KOTAK MAHINDRA OLD MUTUAL LIFE INSURANCE LTD
KOTAK MAHINDRA BANK LTD
LIFESTYLE INTERNATIONAL PVT LTD
CANBARA CONSTRUCTIONS PVT LTD
DEVYANI INTERNATIONAL LTD
BARISTA COFFEE COMPANY LTD
SPA LIFESYTLE PVT LTD AND ORS
SPA LIFESTYLE PVT LTD AND ORS
DASS ELECTRIC TRADING CO PVT LTD AND ANR
WELSPUN RETAIL LTD AND ORS
CROWN INN PVT LTD AND 3 ORS
BAGZONE LIFESTYLE PVT LTD
PLANET RETAIL HOLDINGS LIMITED
QUEST RETAIL PRIVATE LIMITED
DIAGEO INDIA PVT LTD
DEALWELL CONSULTANTS PVT LTD AND ANR
PARAMOUNT USRGIMED LTD AND ANR
GENESIS COLORS PVT LTD AND 2 ORS
PROVOGUE (INDIA) LTD
ADITYA BIRLA FINANCIAL SERVICES PVT LTD
TANGENT FURNITURE PVT LTD
VAMAN INTERNATIONAL PVT LTD
DB REALTY LTD
PJL CLOTHING (INDIA) LTD
MAJOR BRANDS (INDIA) PVT LTD
SAMSONITE SOUTH ASIA PVT LTD
BHARAT BUSINESS CHANNEL LTD
SAMTAIN SALES PRIVATE LTD
ADITYA BIRLA NUVO LTD
MAHINDRA RETAIL PRIVATE LTD
TIMEZONE ENTERTAINMENT PVT LTD
HYPERCITY RETAIL (INDIA) LTD
TRENT LIMITED AND ANR
TRENT HYPERMARKET LTD
POOJA DEEP INDUSTRIES
UNION OF INDIA & ORS
Appellate Side Writ Petitions
WP 6743/2010 WP 6775/2010
WP 7910/2010 WP 8737/2010
WP 8747/2010 WP 9213/2010
WP 9214/2010 WP 9861/2010
WP 2417/2011 WP 4632/2011
WP 4655/2011 WP 4656/2011
RTC RESTAURANTS (INDIA) LTD
BATA INDIA LTD
HARDCASTLE RESTAURANTS PVT LTD AND ANR
FABINDIA OVERSEAS PVT LTD AND ANR
CINEMAX INDIA LTD AND ANR
INOX LEISURE LTD AND ANR
NIIT TECHNOLOGIES LTD
BARBEQUE NATION HOSPITALITY LTD
PIRAMAL HEALTHCARE LTD
ABBOTT TRUECARE PHARMA PVT LTD
ABBOTT HEALTHCARE PVT LTD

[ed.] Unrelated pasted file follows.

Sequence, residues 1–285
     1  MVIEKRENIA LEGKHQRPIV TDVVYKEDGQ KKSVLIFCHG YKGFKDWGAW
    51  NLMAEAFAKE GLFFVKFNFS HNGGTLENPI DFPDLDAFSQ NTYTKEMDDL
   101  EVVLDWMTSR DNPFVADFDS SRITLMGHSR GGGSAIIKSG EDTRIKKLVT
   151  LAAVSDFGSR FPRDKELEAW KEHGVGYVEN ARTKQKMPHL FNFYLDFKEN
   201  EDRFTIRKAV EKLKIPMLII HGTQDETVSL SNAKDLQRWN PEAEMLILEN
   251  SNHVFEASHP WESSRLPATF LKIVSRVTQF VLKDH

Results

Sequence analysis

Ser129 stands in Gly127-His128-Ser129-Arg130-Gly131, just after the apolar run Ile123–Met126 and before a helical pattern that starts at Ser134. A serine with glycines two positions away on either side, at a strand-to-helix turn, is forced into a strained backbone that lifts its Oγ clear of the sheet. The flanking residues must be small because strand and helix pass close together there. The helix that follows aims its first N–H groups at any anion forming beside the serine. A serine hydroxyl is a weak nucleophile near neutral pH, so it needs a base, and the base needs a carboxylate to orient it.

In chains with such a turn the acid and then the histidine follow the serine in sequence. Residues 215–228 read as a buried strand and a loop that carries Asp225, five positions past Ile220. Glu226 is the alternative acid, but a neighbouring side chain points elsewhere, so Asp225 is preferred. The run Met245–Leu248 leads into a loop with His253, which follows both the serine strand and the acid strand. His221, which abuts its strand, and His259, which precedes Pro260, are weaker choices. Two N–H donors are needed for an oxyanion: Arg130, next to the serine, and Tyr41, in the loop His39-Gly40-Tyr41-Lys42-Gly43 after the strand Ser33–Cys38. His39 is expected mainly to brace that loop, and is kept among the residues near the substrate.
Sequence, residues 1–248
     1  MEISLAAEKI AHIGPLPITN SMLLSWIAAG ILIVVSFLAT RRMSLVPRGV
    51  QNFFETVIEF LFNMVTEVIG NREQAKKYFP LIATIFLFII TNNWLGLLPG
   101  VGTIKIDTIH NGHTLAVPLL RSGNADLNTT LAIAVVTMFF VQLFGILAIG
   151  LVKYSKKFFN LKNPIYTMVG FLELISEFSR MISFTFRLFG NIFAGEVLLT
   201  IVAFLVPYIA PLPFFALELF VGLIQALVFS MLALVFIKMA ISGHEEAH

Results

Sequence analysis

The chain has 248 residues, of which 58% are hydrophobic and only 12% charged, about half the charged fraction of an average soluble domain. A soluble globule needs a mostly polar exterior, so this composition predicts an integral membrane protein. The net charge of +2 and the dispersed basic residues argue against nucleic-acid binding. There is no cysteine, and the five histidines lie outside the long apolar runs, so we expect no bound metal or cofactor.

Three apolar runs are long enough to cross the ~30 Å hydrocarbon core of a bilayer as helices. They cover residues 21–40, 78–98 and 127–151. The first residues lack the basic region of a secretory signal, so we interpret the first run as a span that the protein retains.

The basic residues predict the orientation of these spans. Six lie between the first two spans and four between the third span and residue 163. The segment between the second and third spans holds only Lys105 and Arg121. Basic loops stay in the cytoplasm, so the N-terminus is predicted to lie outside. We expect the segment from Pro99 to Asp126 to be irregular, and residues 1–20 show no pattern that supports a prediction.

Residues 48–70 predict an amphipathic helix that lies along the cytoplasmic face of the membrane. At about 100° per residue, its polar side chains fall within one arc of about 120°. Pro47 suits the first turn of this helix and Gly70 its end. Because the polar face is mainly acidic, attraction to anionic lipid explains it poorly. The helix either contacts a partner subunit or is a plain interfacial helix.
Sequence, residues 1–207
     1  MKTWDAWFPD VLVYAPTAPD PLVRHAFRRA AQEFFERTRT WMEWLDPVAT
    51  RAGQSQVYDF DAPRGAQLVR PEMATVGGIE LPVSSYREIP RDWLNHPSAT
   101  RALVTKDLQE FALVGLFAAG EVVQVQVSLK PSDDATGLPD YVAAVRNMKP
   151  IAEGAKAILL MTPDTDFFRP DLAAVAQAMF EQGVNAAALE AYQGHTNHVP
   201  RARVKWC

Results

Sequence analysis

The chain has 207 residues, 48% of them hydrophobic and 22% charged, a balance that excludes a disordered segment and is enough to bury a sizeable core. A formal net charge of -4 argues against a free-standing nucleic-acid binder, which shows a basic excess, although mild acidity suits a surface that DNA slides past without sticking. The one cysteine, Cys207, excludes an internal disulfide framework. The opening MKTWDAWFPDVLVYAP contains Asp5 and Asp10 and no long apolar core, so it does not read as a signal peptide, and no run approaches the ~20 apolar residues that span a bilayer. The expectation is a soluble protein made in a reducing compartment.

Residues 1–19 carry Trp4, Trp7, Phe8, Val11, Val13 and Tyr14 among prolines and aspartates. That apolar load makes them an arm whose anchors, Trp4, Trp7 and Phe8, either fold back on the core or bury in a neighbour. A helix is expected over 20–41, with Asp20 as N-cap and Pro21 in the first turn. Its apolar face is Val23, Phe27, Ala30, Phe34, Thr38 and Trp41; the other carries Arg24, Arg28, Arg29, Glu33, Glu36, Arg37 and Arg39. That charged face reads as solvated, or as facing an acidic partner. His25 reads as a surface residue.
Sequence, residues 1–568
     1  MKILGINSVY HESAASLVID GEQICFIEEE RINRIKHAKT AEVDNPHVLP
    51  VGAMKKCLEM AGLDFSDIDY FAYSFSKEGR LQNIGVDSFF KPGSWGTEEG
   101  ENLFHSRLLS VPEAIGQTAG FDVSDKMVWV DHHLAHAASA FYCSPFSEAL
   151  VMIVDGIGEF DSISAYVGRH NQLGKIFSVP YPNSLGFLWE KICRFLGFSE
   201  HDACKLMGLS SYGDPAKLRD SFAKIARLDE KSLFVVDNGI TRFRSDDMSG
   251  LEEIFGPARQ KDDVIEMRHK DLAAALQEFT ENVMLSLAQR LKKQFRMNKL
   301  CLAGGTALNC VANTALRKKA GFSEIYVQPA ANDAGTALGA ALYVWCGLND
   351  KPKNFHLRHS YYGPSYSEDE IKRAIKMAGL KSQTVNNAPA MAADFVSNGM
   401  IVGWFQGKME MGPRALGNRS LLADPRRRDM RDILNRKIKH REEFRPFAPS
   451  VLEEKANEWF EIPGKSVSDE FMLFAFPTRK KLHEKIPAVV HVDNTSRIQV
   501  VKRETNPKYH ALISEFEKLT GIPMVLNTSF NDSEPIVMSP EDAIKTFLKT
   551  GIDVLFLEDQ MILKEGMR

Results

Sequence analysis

PIRAMAL LIFE SCIENCES LTD
THE UNION OF INDIA AND ORS
D Y Chandrachud and Anoop V Mohta, JJ
Dated: August 04, 2011
Appellant Rep by: Mr.Aspi Chinoy, Senior Advocate with Mr.Vineet Naik, Mr.Ameet Naik, Mr.Vatsal Shah, Mr.Lavin C.Hirani and Mr.Vaibhav M.Bhure i/b. Naik Naik & Company for the Petitioner in WP 2238/10. Mr.D.J.Khambata, Additional Solicitor General, with Mr.Arif Doctor, Mr.Aashish Agarwal, Mr.Gautam Ankhad, Mr.Aditya Mehta, Mr.Rohan Cama, Ms.Naira Variava, Mr.Vikram Deshmukh and Mr.Afroz Shah i/b. Mr.Pardeshi for Union of India in all matters. Mr.Suresh S.Pakale for the Director General of Service Tax & Central Excise Department in all matters. Mr.R.V.Desai, Senior Advocate with Mr.R.B.Pardeshi for the Commissioner of Service Tax in all matter. Ms.Faiza Dhanani i/b. Dhruve Liladhar & Co. for the Applicant in Chsw 128/11. Mr.Vijay A.Sonpal, A Panel Counsel for the State of Maharashtra in WPs 1640/10, 7910/10, 2417/11, 6775/10 & 9861/10. Mr.J.J.Bhatt, Senior Advocate with Mr.Ameet B.Naik, Mr.Vatsal Shah, Mr.Lavin Hirani and Mr.Vaibhav M.Bhure i/b. Naik Naik & Co. for the Petitioners in WPs 1509, 1676, 1772, 2030, 2031, 2108, 2188, 1651, 1761, 1424, 1453 and 1454 of 2010 and for Respondent No.7 in WP 530/09 and Respondent No.20 in WP 1474/10. Mr.Navroz Seervai, Senior Advocate with Mr.Ajay Fernandes and Mr.Ranjit Raghunath i/b. Malvi Ranchhoddas & Co. for the Petitioner in WP 2151/07. Mr.Janak Dwarkadas, Senior Advocate with Ms.Hemlata Jain, Mr.Zal Andhyarujina, Mr.Kunal Vajani, Mr.Ankit Virmani i/b. M/s.Wadia Ghandy & Co. for the Petitioners in WPs 1474, 1475 & 1476 of 2010. Mr.Sharan Jagtiani with Mr.Kunal Vajani,Mr.Ankit Virmani i/b.Wadia Ghandy & Co. for the Petitioners in WPs 1477 & 1478 of 2010. Mr.V.Sridharan with Mr.Prakash Shah, Mr.Bharat Raichandani i/b.PDS Legal for the Petitioners in WPs 1640, 7910 of 2010, WP 2417/11, WP 6775/10 & WP 9861/10. Mr.Vikram Nankani with Mr.Sushanth Murthy, Mr.Nitya Bagaria and Mr.Monish Panda i/b. Mr.M.R.Baya for the Petitioners in WPs 1781, 1735, 1729, 1319, 2292, 2592 of 2010 and WP 641/11. Mr.Cyrus Bharucha with Mr.Bruno Castellino i/b.M.Mulla Associates for the Petitioner in WP 2388/10. Mr.Hiren Mehta for the Petitioner in WP 2141/10. Mr.Jitendra Jain with Mr.Suresh Kumar in WP 2225, 2226 & 2217 of 2010. Mr.Jaydeep Deo with Mr.Parag Vyas for the Petitioner in WP 2673/10.